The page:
Concentrated Animal Feeding Operations training set for Feb. 25
for SDSU Extension
An environmental training session for operators of Concentrated Animal Feeding Operations, or CAFOs, is set for Feb. 25, 2014 in Huron.
Registration begins at 8:30 a.m. (CDT) at the Crossroads Convention Center, 100 Fourth St. S.W. in Huron. The cost is $50 and includes lunch, breaks, and training materials. The program begins at 8:50 a.m. and concludes at approximately 4:45 p.m.
To register for the training, call Candy Rogness at 605-688-5141.
Specialists from South Dakota State University and SDSU Extension, the South Dakota Department of Environment and Natural Resources, and the Natural Resources Conservation Service are offering the training.
This training fulfills the environmental and manure-management training requirement to obtain a livestock permit for CAFOs from the South Dakota Department of Environment and Natural Resources. Certified Crop Advisor credits for are also available for attending this program.
Producers and any other interested individuals who are not currently applying for a permit also can benefit from the information and are encouraged to attend. Current federal (EPA, USDA) and state water pollution control programs encourage livestock producers, even those who do not need permits, to voluntarily adopt livestock production and manure management practices that protect water quality.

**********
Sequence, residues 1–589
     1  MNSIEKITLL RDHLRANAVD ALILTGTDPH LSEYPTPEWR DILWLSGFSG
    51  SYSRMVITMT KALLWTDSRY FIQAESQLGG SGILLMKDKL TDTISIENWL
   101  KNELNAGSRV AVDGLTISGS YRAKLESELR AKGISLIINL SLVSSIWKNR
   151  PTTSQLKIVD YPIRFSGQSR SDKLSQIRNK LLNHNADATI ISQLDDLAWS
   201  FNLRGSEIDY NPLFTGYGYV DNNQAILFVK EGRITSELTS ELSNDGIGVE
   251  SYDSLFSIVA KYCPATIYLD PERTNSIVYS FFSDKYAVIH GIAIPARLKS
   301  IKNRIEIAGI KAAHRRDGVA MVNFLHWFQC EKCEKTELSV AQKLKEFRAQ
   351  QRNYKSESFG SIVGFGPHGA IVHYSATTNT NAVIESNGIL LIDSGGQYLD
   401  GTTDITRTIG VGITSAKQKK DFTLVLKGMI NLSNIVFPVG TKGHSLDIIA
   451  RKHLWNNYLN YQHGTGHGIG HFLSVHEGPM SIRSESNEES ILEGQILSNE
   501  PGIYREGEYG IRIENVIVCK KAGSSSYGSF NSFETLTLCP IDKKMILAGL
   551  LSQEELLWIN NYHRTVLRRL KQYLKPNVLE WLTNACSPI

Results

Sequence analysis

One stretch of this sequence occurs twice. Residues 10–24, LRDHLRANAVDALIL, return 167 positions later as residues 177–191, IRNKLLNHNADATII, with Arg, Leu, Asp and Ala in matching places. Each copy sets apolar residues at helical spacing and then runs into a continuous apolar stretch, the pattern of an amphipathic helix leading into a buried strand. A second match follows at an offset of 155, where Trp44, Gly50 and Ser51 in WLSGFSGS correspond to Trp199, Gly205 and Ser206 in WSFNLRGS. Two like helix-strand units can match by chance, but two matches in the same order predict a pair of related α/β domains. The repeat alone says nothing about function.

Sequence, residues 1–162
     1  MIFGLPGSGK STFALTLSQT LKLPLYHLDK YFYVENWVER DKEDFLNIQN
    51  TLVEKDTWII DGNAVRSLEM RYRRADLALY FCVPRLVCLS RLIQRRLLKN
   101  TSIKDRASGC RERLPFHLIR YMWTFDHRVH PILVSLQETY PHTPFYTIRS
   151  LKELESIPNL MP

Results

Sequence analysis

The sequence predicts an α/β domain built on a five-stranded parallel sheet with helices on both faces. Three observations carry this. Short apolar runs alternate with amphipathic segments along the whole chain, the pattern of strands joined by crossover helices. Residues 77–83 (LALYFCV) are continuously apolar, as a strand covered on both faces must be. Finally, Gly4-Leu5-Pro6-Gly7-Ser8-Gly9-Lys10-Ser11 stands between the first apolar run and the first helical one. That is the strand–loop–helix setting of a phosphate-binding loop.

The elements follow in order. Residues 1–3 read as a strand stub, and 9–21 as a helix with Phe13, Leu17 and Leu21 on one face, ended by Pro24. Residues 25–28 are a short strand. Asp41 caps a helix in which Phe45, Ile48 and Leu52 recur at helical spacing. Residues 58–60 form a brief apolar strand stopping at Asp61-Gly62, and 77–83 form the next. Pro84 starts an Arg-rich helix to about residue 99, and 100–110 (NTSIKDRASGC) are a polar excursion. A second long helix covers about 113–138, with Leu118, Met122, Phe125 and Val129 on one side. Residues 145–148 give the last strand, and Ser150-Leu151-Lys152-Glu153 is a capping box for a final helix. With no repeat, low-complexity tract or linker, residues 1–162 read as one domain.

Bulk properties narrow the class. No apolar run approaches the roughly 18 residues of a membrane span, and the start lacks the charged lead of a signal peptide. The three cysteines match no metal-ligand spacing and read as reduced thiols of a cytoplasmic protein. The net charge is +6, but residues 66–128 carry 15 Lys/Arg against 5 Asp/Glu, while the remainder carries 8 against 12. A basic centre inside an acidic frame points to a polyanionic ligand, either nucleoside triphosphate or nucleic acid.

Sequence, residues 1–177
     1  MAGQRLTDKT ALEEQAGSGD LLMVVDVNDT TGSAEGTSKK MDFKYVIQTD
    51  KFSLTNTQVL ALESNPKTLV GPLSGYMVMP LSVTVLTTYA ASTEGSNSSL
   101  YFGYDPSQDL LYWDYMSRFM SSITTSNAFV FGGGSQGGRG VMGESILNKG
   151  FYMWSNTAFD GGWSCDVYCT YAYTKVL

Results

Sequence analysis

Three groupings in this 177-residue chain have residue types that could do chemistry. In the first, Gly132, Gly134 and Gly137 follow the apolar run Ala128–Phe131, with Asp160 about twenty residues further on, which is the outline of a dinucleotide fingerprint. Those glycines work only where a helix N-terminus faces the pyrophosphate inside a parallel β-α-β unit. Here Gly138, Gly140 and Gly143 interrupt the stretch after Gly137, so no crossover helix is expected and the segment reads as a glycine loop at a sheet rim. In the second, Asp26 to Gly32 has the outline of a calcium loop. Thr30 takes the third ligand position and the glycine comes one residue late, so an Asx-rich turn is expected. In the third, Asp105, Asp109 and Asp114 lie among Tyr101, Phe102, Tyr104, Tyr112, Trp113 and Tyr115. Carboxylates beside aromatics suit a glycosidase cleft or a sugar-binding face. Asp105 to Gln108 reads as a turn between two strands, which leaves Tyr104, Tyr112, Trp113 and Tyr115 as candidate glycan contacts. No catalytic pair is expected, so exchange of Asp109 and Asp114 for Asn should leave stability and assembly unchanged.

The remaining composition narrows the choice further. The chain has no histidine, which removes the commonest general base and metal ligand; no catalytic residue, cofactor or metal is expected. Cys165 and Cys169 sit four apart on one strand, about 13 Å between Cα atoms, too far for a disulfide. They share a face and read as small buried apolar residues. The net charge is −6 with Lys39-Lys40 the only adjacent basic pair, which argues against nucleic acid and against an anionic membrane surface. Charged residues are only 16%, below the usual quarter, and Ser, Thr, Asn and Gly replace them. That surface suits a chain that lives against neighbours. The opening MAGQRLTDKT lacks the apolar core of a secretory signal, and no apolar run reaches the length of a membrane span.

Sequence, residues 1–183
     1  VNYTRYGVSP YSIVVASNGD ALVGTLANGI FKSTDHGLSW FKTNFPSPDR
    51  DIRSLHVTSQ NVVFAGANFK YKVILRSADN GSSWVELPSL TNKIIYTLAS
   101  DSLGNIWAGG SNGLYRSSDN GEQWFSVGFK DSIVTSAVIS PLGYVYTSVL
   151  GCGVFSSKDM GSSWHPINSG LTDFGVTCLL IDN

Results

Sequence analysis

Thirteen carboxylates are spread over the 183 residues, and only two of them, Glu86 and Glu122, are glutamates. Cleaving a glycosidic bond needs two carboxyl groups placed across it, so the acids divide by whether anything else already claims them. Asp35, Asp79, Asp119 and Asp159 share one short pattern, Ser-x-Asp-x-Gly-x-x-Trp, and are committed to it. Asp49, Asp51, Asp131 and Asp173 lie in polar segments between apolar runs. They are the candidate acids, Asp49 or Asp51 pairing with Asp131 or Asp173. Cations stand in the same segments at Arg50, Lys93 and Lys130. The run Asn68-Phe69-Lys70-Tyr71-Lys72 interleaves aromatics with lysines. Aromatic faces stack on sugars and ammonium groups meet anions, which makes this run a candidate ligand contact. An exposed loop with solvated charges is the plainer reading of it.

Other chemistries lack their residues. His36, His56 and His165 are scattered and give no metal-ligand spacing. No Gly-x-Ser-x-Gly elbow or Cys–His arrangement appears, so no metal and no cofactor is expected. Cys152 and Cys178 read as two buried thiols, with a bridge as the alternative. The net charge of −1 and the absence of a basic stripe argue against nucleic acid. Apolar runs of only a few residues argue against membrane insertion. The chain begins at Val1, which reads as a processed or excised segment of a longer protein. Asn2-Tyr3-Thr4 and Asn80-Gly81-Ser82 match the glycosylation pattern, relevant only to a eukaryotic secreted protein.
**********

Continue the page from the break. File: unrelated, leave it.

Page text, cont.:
During the morning session, SDSU Extension Environmental Quality Engineer, Erin Cortus will discuss water quality. SDSU Extension Swine Specialist, Bob Thaler will lead a session on livestock nutrition options for reducing nitrogen and phosphorus content of manure. Jason Roggow, a natural resources engineer with the South Dakota Department of Environment and Natural Resources, will give an overview of the South Dakota DENR Livestock Permit program.
In the afternoon, SDSU Extension Soils Specialist, Ron Gelderman, will discuss managing nitrogen and phosphorus in land applications of manure.
Gelderman, along with John Lentz, Resource Conservationist, and Jason Gilb, Conservation Agronomist with the USDA Natural Resources Conservation Service will go through nutrient management planning worksheets. Lentz will also cover implementing conservation practices to improve sustainability. Cortus will conclude the day’s training with a session on air quality and odor.
Past attendees of this program have come away with at least one new practice they consider adopting related to land application, livestock feeding, air quality or soil conservation.
The next training program will be held in July. To learn more, visit iGrow.org. F
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A pasture or lot with plenty of grass or bedding and windbreak is important when calving in the cold.